Background: The utility of nurse-administered propofol sedation (NAPS) compared with midazolam and meperidine (M/M) for EUS is not known.
Objective: To compare recovery times, costs, safety, health personnel, and patient satisfaction of NAPS and M/M for EUS.
Design: Prospective, randomized, single-blinded trial.
Setting: Tertiary-referral hospital in Indianapolis, Indiana.
Patients: Outpatients referred for EUS.
Interventions: Sedation with M/M or NAPS. The patient and recovery nurse were blinded; however, the sedating nurse, endoscopist, and recording research nurse were unblinded to the sedatives used. A capnography, in addition to standard monitoring, was used. A questionnaire and visual analog scale assessed patient, endoscopist, and sedating nurse satisfaction.
Main outcome measurements: Recovery times, costs, safety, health personnel, and patient satisfaction in both groups.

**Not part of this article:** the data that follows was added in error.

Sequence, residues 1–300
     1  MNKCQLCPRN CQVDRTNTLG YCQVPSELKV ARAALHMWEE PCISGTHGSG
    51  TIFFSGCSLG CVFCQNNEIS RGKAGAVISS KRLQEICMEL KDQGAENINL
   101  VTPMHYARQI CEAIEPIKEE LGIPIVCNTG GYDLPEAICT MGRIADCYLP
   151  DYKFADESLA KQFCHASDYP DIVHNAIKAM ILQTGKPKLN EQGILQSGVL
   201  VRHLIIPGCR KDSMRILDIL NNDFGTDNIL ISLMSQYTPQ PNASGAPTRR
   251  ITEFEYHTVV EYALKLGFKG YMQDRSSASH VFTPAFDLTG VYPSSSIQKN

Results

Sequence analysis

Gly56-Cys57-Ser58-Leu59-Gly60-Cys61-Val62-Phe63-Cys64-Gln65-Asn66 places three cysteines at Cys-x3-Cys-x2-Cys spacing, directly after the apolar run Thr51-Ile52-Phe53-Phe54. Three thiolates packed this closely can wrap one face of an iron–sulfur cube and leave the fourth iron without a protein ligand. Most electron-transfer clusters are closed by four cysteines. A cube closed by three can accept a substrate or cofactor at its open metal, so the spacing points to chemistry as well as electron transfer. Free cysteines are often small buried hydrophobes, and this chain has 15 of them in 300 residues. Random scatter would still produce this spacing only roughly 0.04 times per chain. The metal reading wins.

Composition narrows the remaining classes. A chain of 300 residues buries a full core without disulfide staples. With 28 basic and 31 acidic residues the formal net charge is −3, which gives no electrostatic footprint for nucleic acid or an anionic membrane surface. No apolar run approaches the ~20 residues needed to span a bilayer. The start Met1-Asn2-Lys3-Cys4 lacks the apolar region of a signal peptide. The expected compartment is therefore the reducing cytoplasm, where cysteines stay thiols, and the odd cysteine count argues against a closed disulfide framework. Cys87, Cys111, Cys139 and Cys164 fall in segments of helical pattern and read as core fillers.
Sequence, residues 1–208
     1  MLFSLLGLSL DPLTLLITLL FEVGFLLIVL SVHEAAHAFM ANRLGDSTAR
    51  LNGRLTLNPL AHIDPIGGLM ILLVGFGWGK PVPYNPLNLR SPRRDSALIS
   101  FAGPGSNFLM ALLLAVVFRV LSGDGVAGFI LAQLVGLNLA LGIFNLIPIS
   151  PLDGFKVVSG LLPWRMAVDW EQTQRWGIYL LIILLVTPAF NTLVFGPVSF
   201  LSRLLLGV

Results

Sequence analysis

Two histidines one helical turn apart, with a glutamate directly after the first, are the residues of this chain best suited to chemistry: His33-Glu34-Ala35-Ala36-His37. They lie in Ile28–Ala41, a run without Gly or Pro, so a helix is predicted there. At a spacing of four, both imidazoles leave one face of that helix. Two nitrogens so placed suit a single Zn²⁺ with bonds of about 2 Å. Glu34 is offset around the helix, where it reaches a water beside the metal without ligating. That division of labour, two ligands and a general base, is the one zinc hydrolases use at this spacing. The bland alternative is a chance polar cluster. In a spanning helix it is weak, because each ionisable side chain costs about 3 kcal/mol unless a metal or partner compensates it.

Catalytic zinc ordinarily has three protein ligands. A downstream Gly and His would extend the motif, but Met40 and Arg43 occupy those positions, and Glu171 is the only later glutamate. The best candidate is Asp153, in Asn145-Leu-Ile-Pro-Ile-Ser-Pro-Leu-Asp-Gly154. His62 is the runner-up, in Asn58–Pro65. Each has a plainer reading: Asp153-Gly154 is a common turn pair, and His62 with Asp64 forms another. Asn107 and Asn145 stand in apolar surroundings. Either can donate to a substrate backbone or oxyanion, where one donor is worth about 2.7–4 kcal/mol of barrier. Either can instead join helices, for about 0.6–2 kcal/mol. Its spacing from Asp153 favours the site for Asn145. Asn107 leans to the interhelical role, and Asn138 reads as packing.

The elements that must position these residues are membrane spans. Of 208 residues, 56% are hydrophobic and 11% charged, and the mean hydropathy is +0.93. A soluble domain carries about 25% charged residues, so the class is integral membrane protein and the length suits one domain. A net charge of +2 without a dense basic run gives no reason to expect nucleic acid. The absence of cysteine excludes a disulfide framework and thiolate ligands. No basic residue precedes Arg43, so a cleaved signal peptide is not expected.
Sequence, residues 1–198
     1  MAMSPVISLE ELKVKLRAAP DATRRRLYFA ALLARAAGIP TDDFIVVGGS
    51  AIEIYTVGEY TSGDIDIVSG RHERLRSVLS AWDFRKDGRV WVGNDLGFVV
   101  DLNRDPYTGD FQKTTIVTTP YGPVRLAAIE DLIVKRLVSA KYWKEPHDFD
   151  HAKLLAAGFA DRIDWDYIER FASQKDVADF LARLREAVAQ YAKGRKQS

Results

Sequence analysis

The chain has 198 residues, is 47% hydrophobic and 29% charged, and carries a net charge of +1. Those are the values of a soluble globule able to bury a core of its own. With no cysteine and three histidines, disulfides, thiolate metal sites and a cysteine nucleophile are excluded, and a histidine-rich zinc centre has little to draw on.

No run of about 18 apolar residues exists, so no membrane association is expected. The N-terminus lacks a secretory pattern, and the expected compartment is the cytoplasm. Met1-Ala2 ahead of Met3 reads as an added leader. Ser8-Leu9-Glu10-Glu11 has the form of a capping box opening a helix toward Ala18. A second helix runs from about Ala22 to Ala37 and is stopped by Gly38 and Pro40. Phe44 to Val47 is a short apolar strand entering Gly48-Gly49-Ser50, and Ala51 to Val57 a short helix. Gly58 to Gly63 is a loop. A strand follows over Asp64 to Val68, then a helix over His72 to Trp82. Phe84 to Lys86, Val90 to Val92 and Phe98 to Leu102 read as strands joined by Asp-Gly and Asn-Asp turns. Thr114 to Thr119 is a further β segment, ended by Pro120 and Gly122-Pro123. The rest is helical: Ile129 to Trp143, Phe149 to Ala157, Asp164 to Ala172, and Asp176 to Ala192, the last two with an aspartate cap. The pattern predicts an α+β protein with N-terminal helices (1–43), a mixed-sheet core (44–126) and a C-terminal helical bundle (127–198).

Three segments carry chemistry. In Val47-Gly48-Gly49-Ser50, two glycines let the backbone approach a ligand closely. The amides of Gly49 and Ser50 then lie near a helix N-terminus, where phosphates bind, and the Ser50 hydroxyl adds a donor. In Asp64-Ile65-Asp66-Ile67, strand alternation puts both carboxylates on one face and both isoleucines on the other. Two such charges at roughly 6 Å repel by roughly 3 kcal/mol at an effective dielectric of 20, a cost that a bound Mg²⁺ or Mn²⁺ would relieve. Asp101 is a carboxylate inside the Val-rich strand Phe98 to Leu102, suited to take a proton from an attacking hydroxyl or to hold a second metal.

Results: Eighty consecutive patients were randomized to NAPS (n = 40) or M/M (n = 40). More patients in the propofol group were current tobacco users; patient demographics, procedures performed, mean procedure length, and the overall frequency of adverse events were otherwise similar. Compared with M/M, NAPS was associated with a faster induction of sedation (2.3 vs 5.7 minutes, respectively; P = .001) and full recovery time (29 vs 49 minutes, respectively; P = .001), higher postprocedure patient satisfaction, and quicker anticipated return to baseline function. At discharge, total costs (recovery plus medications) were similar between the propofol ($406) and M/M groups ($399; P = .79).
Limitation: Low-risk patient population.
Conclusions: Compared with M/M, NAPS for an EUS offered a faster sedation induction and full recovery time, higher postprocedure patient satisfaction, and a quicker anticipated return to baseline function. Total costs were similar between the groups.